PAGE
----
Gould said the 2023 numbers were still "impressive," particularly some of the lithium-focused companies where investments were rising by around 60%, and also noted that exploration spending was quite widely dispersed around the world. "That is a positive signal then for the prospects of future diversification, at least on the mining side," he added.

The price declines were good for affordability, Gould said, pointing out that cathode material costs on a battery pack had risen from only 5% of the total cost in 2015 to around 30% in 2022, but had fallen to 25% in 2023 due to the lower metal costs.

However, he said the lower prices were a doubled-edged sword.

"The volatility, or price developments on the critical mineral side are really important for the prices that consumers see, or manufacturers see when they put those batteries together, but lower prices also cause difficulties on the supply side, with some existing and planned projects put on hold," Gould said.

He gave the example of nickel production, noting that more than 30 projects had either put production on hold or put development plans on hold for future projects as a result of declining nickel prices.

"I think the interesting finding here was that most of the projects that were at risk were the ones that would produce more diversified supply, so they were outside the top three producing countries, and that feeling that the projects from new and emerging producers are some of the higher cost projects is an important element of the overall picture," he said.

Planned copper, lithium supply to fall short

Overall, more investment is required, with the IEA's analysis of upcoming projects finding that announced projects in the pipeline would only be sufficient to meet 70% of copper and 50% of lithium requirements in 2035 in a scenario in which countries globally met their national climate goals.

The picture is better for other minerals if all scheduled projects are completed, but the upcoming projects would not change the high geographical concentration of supply or China's strong position in the refining and processing sector.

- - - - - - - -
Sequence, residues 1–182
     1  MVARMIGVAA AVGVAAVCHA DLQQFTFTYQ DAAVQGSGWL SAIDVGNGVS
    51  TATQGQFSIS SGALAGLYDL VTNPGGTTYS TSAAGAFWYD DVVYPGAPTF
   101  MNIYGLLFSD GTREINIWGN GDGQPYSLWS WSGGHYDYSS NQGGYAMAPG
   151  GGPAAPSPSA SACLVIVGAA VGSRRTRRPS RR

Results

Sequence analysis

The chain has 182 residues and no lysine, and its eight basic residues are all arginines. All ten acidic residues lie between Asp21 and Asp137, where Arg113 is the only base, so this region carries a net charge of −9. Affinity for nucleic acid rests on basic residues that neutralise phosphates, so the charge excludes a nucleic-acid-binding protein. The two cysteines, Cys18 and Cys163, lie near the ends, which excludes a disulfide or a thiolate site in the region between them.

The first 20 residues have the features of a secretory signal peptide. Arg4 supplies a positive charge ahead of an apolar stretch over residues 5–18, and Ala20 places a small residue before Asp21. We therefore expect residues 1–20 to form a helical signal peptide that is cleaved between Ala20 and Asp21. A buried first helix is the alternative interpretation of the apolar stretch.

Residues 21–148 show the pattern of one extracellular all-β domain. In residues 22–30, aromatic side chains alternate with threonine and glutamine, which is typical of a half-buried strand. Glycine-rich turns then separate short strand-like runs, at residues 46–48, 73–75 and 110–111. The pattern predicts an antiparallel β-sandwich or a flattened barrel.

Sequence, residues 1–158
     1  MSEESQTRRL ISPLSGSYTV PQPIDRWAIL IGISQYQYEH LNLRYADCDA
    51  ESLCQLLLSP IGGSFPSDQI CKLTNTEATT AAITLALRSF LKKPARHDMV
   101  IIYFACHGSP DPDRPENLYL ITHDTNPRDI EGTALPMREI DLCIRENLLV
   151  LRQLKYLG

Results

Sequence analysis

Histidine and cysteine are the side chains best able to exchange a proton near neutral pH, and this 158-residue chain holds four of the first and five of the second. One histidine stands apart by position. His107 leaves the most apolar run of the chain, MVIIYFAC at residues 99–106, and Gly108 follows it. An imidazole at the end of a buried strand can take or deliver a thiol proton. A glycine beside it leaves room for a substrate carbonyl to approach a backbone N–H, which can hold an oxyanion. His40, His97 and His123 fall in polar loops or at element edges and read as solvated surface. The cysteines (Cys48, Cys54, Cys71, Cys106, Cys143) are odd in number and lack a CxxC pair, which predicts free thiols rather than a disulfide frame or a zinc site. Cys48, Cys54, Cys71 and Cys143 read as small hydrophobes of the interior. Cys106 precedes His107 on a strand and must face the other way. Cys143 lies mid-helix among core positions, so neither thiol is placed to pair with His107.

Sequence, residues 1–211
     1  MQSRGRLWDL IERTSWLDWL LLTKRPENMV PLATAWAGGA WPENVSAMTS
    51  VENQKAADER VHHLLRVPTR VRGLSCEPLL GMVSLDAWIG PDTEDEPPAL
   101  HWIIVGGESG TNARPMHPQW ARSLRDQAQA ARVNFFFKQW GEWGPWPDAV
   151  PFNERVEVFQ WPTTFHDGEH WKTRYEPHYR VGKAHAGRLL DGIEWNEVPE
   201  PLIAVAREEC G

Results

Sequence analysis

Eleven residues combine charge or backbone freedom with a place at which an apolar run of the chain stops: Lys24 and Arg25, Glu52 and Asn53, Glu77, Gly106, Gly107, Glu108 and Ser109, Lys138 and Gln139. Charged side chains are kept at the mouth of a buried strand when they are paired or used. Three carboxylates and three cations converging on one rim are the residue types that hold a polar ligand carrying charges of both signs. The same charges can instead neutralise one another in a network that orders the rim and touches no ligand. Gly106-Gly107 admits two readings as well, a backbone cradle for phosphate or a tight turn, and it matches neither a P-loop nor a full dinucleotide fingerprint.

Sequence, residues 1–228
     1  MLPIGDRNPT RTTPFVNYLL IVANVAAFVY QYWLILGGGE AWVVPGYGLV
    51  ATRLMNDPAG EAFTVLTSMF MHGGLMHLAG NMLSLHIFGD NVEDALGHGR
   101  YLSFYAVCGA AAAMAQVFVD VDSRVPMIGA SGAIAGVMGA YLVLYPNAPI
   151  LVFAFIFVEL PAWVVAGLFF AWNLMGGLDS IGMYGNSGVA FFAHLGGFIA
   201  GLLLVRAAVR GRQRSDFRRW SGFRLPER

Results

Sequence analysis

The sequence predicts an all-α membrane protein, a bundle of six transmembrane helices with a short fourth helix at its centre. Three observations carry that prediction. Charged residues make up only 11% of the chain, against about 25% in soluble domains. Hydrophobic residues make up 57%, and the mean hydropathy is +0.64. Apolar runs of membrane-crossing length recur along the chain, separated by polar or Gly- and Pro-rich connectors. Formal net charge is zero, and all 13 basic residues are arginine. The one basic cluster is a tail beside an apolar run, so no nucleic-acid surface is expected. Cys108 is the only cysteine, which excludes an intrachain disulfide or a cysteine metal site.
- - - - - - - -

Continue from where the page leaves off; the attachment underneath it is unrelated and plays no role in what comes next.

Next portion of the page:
For the other minerals, the report's lead author, IEA senior energy analyst Tae-Yoon Kim, told the webinar that if all scheduled projects were completed, expected supply from announced projects would be within the range of the projected 2035 requirements to reach national and global climate goals.

"Overall the supply picture looks a bit better than what we assessed two years ago... but there is still much to do to ensure global supply of critical minerals. The same cannot be said for diversification -- our analysis of projects shows limited progress in terms of diversifying supply," he said.

He noted that in the period to 2030, announced projects indicated that refined material production would remain highly concentrated in a few countries, with around 75% of projected supply growth for refined lithium, nickel, cobalt and rare earth elements to continue to come from the current top three producers, namely Indonesia for nickel and China for all others.

Kim added that recycling and technological innovation could play a major role in tackling the supply challenges of critical minerals.

Gould noted that market transparency was also important.

"Many of these markets are thinly traded and there's a lot more that could be done to increase the availability of information on market balances and prices. We are also very much focused on reliable diversified supply and social governance questions," he said.